NEW YORK (GenomeWeb News) – Nanosphere announced on Tuesday after the close of the market that it has settled a patent dispute with Eppendorf for $4 million, and as a result acquired certain patents and the patent rights on a global basis.
Eppendorf also received a limited license to service its existing customers as part of the settlement. Licenses previously issued by Eppendorf to other companies and that relate to the purchased patents and patent rights remain in effect.
In a document filed with the US Securities and Exchange Commission, Northbrook, Ill.-based Nanosphere said that the patents pertaining to Tuesday's deal are US patent 7,321,829 and European patent EP1179180, which cover Eppendorf's Silverquant microarray technology.
German-based Eppendorf sued Nanosphere last October alleging it infringed on the patent 7,321,829. Two months later Eppendorf initiated an import ban against Nanosphere's Verigene and Verigene SP systems in any European Union country, saying the platforms infringed on the EP1179180 patent.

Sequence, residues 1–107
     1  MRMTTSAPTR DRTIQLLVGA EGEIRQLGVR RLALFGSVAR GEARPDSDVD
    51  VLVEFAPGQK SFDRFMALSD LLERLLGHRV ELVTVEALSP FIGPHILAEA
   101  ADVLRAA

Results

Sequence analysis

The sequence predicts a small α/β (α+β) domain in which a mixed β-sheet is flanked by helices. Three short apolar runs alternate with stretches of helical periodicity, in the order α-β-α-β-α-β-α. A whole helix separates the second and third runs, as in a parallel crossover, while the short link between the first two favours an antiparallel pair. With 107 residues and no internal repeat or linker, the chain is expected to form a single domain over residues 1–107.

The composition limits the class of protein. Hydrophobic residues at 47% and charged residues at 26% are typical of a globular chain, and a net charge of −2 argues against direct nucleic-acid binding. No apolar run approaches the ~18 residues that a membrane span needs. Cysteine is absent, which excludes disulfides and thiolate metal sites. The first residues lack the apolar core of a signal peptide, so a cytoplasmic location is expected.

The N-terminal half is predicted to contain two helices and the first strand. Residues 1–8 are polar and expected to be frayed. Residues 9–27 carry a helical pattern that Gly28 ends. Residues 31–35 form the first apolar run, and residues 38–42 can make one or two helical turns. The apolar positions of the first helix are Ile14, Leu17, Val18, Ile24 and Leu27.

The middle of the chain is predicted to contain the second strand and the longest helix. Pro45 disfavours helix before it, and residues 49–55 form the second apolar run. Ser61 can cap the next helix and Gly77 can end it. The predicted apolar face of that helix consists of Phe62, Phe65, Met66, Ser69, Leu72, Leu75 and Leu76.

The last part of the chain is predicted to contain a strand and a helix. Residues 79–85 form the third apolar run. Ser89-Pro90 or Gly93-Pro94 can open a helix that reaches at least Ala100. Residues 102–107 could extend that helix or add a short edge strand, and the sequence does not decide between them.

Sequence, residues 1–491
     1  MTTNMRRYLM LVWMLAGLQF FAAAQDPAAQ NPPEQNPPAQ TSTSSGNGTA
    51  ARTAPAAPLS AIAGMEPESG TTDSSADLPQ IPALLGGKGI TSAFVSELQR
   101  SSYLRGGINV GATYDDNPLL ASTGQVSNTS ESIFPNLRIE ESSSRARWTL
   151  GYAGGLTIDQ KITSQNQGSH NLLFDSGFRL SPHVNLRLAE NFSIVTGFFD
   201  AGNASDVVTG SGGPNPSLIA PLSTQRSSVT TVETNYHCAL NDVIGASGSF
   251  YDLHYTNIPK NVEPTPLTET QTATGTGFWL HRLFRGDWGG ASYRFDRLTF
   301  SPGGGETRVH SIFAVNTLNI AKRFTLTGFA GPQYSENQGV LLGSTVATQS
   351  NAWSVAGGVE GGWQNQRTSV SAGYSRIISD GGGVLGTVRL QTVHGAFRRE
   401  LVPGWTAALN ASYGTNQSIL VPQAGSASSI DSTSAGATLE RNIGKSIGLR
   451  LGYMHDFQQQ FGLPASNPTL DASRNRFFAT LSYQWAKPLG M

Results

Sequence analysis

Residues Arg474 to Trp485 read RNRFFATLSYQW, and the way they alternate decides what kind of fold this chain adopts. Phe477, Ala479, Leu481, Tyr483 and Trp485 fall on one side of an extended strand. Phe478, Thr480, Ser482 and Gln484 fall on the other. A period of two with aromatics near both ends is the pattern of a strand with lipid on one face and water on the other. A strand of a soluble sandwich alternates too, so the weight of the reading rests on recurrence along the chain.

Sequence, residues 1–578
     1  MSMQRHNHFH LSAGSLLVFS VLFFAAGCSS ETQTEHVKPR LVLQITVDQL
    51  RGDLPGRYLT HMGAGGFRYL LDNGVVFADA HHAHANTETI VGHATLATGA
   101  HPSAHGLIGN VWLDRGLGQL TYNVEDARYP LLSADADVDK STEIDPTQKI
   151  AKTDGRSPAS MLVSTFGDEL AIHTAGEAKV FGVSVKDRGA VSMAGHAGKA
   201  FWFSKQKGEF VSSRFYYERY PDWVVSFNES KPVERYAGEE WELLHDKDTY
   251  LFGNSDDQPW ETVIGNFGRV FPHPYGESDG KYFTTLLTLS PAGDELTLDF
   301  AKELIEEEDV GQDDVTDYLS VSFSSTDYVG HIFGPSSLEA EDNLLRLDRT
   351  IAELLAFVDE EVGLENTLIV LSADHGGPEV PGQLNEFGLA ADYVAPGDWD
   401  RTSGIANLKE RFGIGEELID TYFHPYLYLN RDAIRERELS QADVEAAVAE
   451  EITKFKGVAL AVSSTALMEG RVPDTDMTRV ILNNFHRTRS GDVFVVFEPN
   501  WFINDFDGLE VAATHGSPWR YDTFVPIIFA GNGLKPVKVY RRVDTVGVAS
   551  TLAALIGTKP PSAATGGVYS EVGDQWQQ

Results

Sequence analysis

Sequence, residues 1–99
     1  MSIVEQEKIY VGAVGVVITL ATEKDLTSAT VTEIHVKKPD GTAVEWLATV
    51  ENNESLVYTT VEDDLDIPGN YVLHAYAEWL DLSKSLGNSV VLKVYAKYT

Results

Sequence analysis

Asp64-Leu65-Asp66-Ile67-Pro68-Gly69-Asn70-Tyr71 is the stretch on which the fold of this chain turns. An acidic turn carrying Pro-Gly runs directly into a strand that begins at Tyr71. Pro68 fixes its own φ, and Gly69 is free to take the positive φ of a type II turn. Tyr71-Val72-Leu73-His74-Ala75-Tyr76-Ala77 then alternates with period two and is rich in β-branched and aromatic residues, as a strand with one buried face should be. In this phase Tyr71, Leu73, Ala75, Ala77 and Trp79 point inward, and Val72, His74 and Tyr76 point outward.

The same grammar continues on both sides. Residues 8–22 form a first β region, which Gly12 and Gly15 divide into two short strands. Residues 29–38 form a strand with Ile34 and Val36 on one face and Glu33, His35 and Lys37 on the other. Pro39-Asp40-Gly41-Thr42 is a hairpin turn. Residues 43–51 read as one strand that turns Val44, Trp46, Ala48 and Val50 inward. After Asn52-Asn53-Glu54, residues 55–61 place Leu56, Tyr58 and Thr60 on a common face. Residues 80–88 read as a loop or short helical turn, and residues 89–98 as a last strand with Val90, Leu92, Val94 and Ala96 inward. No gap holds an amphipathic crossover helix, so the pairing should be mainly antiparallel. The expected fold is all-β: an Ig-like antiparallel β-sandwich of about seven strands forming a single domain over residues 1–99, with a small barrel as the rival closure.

Eppendorf will now take "reasonable steps" to remove the importation ban on the Verigene platform within 30 days of receipt of the $4 million, to be paid in one lump sum, Nanosphere said in its SEC document.
The limited license granted to Eppendorf to service existing customers covers the two patents that were under dispute and are "non-exclusive, non-assignable and non-transferable, non-sublicensable, irrevocable, worldwide, fully paid-up, and royalty-free," according to the SEC filing. It covers Silverquant kits and reagents and lasts through March 31, 2011.
Eppendorf, however, can manufacture and sell any of its products, including Silverquant products, as long as they are "not knowingly sold" for use that would fall under the purview of the two patents.